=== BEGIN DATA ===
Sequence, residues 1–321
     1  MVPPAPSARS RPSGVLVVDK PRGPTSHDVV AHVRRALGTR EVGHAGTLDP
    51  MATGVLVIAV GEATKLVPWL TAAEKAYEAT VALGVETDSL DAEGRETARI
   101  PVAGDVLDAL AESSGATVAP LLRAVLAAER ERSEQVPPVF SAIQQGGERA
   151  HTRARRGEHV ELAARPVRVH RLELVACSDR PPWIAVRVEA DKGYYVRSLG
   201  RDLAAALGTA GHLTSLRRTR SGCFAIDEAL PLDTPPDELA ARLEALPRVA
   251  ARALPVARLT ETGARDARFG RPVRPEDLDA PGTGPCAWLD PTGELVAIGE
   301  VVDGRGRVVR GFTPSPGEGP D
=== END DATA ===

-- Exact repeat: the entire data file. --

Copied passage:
Sequence, residues 1–321
     1  MVPPAPSARS RPSGVLVVDK PRGPTSHDVV AHVRRALGTR EVGHAGTLDP
    51  MATGVLVIAV GEATKLVPWL TAAEKAYEAT VALGVETDSL DAEGRETARI
   101  PVAGDVLDAL AESSGATVAP LLRAVLAAER ERSEQVPPVF SAIQQGGERA
   151  HTRARRGEHV ELAARPVRVH RLELVACSDR PPWIAVRVEA DKGYYVRSLG
   201  RDLAAALGTA GHLTSLRRTR SGCFAIDEAL PLDTPPDELA ARLEALPRVA
   251  ARALPVARLT ETGARDARFG RPVRPEDLDA PGTGPCAWLD PTGELVAIGE
   301  VVDGRGRVVR GFTPSPGEGP D